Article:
Peppers are just naturally beautiful. The bell peppers’ bright bold shades of green, red, and yellow shine with a high gloss that is beautiful in the garden and in the kitchen. If you have only eaten store-bought or frozen bell peppers you will be surprised at the wonderful taste these veggies have straight out of your garden.
There are small varieties too, that you can grow in containers. Even someone with a balcony or deck can have fresh peppers. And they look just as pretty on the porch as they do in the kitchen.
You might not find the plants you want in your local garden centers. Enjoy growing the perfect peppers for your garden from seed. They are easy. You grow all peppers the same way whether they are hot, mild, or bell.
First, narrow your choice of seed to just a few packets, if possible. Plant a few more seeds than you want, because not all will germinate, but unless you have a huge garden, do not plant all the seeds. You can save them in paper packets in the refrigerator for next year.
Use a soilless mix and clean pots. Barely cover the seeds with the mix. Label them with the name, date of planting, and days to germinate. Lightly tamp the planting mix with your hands, or tap the pot lightly on a solid surface a couple of times to settle the mix.
Water the seeds in with a fine mist, then cover the seed pots with plastic wrap or a dome, set them in a tray, and only water from the bottom from then on, until they are set out in their final growing spot.
Peppers are a hot weather crop, so using a heat mat under the growing medium will speed germination and growth of your little seedlings. You can also use the top of the refrigerator because it traps heat near the ceiling.
As soon as the peppers have a set of true leaves (usually the second set you will see), take off the plastic and move them to a sunny window or outdoors on warm days. Let them develop sturdy stems and a few leaves before you put them out in the garden.
Keep them watered from the bottom, but not wet. Harden them off for transplanting outdoors by putting them in filtered shade and then moving them back and forth to longer periods of sunshine. If the nights are not above 55 degrees Fahrenheit, then bring them back indoors at night until warmer nights prevail. The soil should be good and warm too, before they go out in the garden.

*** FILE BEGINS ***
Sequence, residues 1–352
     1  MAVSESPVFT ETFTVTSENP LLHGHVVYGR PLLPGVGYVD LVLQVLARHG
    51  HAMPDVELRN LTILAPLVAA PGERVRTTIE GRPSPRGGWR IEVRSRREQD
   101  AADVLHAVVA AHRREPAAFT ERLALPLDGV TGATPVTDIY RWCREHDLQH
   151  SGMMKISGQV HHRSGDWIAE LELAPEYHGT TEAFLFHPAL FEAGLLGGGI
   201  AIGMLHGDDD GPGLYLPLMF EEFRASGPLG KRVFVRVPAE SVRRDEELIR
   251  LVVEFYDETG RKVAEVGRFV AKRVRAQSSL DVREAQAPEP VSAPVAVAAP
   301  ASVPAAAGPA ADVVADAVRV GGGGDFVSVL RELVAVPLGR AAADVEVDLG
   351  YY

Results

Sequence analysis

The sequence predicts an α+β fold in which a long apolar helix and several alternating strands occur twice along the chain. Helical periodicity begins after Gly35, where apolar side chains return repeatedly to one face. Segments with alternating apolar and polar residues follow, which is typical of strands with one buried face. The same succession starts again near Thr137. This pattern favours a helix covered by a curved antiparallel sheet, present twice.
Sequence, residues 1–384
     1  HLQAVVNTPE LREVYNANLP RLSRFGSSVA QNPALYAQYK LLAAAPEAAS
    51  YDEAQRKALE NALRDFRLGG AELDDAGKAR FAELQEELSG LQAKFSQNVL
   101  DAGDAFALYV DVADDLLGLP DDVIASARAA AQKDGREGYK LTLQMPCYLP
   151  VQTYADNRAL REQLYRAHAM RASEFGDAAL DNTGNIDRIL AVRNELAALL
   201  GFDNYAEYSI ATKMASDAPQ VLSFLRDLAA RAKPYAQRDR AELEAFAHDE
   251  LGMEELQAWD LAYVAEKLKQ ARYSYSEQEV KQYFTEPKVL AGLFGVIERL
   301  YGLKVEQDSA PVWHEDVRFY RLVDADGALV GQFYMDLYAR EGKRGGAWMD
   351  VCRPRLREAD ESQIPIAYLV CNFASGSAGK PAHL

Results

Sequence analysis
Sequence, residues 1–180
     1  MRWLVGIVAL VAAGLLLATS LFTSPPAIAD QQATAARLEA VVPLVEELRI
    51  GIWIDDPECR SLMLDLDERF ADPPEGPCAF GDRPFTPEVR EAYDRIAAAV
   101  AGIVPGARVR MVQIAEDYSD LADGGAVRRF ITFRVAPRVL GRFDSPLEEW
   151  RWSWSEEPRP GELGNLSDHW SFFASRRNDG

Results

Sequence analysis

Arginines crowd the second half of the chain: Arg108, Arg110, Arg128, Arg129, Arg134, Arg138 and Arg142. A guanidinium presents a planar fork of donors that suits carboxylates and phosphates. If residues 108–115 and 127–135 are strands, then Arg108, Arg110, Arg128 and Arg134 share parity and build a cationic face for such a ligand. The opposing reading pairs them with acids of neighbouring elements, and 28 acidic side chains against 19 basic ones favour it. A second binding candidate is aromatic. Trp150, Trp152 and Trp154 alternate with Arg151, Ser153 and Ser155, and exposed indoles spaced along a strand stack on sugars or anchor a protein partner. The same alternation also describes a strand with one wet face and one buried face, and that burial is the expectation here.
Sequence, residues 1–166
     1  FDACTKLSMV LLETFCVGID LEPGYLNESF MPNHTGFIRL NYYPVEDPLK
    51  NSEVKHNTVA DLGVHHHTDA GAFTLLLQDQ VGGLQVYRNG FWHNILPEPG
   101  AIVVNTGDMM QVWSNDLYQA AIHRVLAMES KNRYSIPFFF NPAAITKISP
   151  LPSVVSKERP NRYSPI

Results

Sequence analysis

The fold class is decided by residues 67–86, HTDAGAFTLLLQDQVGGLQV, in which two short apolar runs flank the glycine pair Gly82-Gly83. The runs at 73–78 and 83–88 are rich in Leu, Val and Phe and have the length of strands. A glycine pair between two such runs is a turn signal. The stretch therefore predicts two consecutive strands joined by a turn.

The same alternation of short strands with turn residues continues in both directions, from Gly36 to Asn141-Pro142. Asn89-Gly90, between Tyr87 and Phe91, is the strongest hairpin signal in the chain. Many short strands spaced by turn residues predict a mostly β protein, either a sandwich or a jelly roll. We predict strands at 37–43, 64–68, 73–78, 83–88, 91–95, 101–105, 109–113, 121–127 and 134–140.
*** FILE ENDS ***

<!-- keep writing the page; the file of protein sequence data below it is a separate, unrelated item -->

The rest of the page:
It is important to keep your hands washed when handling seeds and when working with the plants in the garden. If you are a smoker, be sure to wash your hands before handling the plants. Some peppers are susceptible to tobacco mosaic virus (TMV), which can be spread from cigarettes.
Hot pepper seeds can sting your eyes and mouth. Wash after handling these seeds and keep your fingers away from your face! It is amazing how long the hot pepper stays with you.
You just might discover that your garden soil is too acid by the way your peppers develop. Are your bell peppers getting brown and leathery or soft and mushy on the bottoms? This could be the dreaded blossom-end rot, which is best known for striking tomatoes; but it will afflict peppers too.
For a quick fix, you can save the undamaged peppers by spraying the plant with calcium chloride or calcium nitrate mixed and applied according to package directions. You can repeat this spray program every 10 days. Mulch the plants to keep them cool and to preserve moisture in the topsoil. Be sure to keep them watered. Consistently moist soil keeps blossom-end rot at bay.
If your soil pH is too low, or acid, it will restrict the plants’ ability to take up calcium. A lack of calcium causes the blossom-end rot. Add lime, but remember, it must be turned into the soil to work.
It's best to lime your garden plot when it's at rest during the fall or winter months. You must dig the lime into the soil. Even when you dig it into the soil, it takes two to three months to do its job.
Bell peppers can sometimes take most of the summer to develop, but when they decide to fill out, they come on strong. In fact, if you are growing large bell peppers the plants will probably have to be staked or caged to keep them from falling over.
To keep your pepper plants producing, you must keep the ripe vegetables picked. Just don't be in too big a hurry to harvest the red or yellow peppers. They usually start green and ripen to the color that you are expecting. That doesn't mean you can't use them green, you can. But they are much sweeter if allowed to turn their ripe color.
After your harvest, try one of Chef Linda’s excellent recipes found elsewhere on the Articles page.
All articles are copyrighted and remain the property of the author.
By Kate Karam, Monrovia,
Photographs courtesy of Monrovia
It’s not only coastal gardens that have to deal with persistent winds – inland gardens at higher altitudes and those in flat, wind-prone areas get regularly battered, too. Since there’s nothing good about plants stripped of their foliage or rendered dry and desiccated by a gale force tempest, the solution might be as simple as using specimens that are just fine with it. Here are a few we recommend. But first, some advice.
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